Characterization of the Carbon and Retained Austenite Distributions in Martensitic Medium Carbon, High Silicon Steel


The retained austenite content and carbon distribution in martensite were determined as a function of cooling rate and temper temperature in steel that contained 1.31 at. pct C, 3.2 at. pct Si, and 3.2 at. pct noniron metallic elements. Mössbauer spectroscopy, transmission electron microscopy (TEM), transmission synchrotron X-ray diffraction (XRD), and atom probe tomography were used for the microstructural analyses. The retained austenite content was an inverse, linear function of cooling rate between 25 and 560 K/s. The elevated Si content of 3.2 at. pct did not shift the start of austenite decomposition to higher tempering temperatures relative to SAE 4130 steel. The minimum tempering temperature for complete austenite decomposition was significantly higher (<650 °C) than for SAE 4130 steel (~300 °C). The tempering temperatures for the precipitation of transition carbides and cementite were significantly higher (<400 °C) than for carbon steels (100 °C to 200 °C and 200 °C to 350 °C), respectively. Approximately 90 pct of the carbon atoms were trapped in Cottrell atmospheres in the vicinity of the dislocation cores in dislocation tangles in the martensite matrix after cooling at 560 K/s and aging at 22 °C. The 3.2 at. pct Si content increased the upper temperature limit for stable carbon clusters to above 215 °C. Significant autotempering occurred during cooling at 25 K/s. The proportion of total carbon that segregated to the interlath austenite films decreased from 34 to 8 pct as the cooling rate increased from 25 to 560 K/s. Developing a model for the transfer of carbon from martensite to austenite during quenching should provide a means for calculating the retained austenite. The maximum carbon content in the austenite films was 6 to 7 at. pct, both in specimens cooled at 560 K/s and at 25 K/s. Approximately 6 to 7 at. pct carbon was sufficient to arrest the transformation of austenite to martensite. The chemical potential of carbon is the same in martensite that contains 0.5 to 1.0 at. pct carbon and in austenite that contains 6 to 7 at. pct carbon. There was no segregation of any substitutional elements.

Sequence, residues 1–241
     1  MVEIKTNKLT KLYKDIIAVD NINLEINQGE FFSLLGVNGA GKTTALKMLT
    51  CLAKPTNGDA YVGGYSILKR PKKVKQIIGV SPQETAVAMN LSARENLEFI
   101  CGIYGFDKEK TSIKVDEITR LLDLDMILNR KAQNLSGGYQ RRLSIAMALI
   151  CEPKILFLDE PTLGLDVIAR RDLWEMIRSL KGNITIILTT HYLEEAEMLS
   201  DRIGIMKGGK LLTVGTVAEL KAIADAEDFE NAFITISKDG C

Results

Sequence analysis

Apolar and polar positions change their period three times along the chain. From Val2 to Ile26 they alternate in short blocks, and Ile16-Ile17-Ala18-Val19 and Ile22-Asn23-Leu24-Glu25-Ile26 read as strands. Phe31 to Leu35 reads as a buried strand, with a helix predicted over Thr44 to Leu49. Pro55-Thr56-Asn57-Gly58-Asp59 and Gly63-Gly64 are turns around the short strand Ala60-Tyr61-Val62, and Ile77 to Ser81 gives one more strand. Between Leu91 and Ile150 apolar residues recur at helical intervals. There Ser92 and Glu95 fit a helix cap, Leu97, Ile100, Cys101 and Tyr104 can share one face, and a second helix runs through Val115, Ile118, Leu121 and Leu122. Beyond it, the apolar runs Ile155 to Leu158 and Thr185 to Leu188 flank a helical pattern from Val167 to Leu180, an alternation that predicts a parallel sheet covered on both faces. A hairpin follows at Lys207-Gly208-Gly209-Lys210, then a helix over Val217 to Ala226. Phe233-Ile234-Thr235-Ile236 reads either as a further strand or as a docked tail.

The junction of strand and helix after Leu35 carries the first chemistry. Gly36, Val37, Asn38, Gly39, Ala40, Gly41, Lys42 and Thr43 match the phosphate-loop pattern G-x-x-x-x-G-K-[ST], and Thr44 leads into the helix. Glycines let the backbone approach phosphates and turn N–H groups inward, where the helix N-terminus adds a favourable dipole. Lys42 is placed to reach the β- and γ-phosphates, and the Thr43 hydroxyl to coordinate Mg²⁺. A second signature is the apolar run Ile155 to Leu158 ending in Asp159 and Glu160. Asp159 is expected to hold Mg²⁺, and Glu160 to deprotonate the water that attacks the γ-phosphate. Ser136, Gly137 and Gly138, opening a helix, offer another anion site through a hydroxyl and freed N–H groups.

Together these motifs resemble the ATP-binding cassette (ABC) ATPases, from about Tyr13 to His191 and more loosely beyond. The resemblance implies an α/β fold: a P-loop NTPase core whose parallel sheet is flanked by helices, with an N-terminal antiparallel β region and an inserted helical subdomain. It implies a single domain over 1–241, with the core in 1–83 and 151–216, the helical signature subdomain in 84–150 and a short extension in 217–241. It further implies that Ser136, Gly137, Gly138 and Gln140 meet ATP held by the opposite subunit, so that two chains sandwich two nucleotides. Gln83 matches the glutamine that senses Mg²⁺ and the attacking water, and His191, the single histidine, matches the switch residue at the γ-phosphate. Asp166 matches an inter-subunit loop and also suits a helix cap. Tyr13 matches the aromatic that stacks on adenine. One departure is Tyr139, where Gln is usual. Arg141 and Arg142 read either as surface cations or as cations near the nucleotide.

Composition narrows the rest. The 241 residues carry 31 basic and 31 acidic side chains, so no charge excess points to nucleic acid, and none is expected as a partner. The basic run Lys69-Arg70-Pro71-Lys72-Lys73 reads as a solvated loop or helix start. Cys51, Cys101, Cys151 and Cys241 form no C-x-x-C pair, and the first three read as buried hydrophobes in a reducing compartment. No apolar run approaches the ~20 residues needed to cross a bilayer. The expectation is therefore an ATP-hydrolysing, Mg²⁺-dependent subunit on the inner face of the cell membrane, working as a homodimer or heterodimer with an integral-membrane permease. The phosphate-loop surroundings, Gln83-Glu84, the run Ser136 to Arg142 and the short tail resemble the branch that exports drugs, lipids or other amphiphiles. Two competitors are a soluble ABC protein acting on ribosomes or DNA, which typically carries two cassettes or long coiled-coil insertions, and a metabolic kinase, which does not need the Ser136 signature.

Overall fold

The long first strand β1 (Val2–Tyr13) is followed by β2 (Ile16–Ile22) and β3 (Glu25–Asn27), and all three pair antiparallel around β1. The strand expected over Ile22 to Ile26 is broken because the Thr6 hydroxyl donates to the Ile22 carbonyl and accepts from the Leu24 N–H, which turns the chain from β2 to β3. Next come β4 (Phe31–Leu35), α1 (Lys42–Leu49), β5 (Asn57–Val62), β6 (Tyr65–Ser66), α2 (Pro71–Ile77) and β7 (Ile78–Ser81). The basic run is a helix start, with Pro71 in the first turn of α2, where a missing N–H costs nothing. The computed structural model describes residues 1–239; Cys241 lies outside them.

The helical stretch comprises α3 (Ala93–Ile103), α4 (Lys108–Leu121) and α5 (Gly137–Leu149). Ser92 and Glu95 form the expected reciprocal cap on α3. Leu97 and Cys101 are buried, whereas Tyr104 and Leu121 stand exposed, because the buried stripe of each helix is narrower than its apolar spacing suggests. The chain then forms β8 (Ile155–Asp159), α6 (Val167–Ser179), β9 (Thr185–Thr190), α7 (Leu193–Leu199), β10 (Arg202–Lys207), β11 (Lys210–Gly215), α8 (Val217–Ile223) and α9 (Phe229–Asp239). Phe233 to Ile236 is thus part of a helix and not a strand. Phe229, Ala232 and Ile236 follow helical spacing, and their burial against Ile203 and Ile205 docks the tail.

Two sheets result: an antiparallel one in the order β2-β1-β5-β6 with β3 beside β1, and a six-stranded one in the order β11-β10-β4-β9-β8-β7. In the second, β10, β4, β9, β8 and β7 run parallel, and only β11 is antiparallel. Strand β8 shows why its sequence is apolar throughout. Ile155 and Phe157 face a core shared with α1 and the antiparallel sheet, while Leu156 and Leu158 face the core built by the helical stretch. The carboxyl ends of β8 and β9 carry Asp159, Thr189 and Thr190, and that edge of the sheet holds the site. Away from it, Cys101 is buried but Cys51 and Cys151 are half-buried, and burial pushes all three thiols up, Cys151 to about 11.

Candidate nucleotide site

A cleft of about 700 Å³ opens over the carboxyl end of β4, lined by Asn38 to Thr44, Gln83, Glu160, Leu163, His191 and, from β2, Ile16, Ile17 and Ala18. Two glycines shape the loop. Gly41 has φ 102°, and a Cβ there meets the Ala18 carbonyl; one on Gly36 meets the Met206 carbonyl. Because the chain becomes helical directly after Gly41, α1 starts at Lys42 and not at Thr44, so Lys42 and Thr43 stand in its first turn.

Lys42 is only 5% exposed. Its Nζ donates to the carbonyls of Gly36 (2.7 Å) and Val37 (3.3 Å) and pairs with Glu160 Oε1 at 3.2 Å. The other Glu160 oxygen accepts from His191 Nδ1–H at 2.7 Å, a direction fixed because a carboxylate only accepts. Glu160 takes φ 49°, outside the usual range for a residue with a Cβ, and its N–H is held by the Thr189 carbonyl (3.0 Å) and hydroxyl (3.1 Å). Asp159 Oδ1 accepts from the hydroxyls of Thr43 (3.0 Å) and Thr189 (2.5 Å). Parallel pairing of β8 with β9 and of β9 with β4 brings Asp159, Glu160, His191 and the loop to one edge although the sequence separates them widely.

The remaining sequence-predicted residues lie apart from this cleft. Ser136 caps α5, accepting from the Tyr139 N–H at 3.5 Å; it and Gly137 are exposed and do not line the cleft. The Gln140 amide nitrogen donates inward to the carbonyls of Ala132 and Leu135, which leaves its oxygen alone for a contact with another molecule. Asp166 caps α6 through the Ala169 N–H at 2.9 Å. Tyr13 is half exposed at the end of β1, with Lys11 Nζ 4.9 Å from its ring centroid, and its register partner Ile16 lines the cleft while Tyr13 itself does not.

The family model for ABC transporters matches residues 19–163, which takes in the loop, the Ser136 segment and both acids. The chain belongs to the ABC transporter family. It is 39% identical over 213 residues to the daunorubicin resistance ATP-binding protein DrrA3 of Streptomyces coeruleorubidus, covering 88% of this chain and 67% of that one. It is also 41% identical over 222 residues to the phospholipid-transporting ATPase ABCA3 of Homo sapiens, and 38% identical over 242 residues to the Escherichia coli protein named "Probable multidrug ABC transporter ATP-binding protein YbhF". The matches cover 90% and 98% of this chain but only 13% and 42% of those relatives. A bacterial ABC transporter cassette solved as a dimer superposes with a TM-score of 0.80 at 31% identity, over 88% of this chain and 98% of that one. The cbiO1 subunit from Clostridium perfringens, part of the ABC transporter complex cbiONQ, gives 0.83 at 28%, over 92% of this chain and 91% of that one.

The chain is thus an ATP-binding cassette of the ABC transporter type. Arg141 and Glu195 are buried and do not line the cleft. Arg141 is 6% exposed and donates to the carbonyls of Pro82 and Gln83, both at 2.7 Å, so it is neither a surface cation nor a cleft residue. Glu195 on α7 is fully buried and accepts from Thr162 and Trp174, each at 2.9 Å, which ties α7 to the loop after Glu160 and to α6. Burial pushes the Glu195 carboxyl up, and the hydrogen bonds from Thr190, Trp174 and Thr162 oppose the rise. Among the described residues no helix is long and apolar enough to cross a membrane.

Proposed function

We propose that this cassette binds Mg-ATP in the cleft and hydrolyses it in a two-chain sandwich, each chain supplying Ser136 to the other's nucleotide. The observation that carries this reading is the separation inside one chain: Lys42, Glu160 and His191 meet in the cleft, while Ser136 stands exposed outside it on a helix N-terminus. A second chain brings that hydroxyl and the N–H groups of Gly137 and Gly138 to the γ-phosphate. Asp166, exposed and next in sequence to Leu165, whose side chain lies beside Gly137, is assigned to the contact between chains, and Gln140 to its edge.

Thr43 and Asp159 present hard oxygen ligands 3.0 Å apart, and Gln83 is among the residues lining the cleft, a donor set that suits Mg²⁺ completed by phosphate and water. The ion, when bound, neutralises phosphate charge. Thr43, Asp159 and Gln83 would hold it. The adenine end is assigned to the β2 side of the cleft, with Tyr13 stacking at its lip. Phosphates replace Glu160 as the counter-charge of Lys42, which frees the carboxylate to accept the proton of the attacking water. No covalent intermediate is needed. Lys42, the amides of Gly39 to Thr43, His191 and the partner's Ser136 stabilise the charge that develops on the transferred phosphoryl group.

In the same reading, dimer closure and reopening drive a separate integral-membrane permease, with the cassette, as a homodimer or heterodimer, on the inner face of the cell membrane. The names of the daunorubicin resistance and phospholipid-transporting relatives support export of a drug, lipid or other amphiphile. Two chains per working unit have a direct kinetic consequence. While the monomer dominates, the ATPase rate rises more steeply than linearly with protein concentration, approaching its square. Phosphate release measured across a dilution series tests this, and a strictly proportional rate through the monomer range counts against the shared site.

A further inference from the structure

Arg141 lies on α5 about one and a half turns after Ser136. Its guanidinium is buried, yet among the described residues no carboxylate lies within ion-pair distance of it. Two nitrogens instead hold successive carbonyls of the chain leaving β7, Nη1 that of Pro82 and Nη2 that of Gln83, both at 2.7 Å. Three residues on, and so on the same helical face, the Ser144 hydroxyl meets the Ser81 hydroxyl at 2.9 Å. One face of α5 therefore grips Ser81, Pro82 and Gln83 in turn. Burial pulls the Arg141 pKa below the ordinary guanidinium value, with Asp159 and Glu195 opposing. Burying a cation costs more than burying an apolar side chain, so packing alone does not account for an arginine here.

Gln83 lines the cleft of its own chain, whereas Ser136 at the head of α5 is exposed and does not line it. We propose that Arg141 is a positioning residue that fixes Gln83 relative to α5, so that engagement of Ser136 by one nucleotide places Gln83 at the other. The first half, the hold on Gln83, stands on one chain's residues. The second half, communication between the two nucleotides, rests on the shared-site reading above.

Keywords and Phrases

Martensite; Mössbauer Spectroscopy; Phase Transitions; Precipitation (Chemical); Silicon Steel; Tempering; Tomography; Transmission Electron Microscopy; X Ray Diffraction Analysis; Austenite Decomposition; Austenitic Distributions; Carbon Distribution; Austenite

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Article - Journal

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© 2007 Springer Verlag, All rights reserved.

Publication Date

01 Aug 2007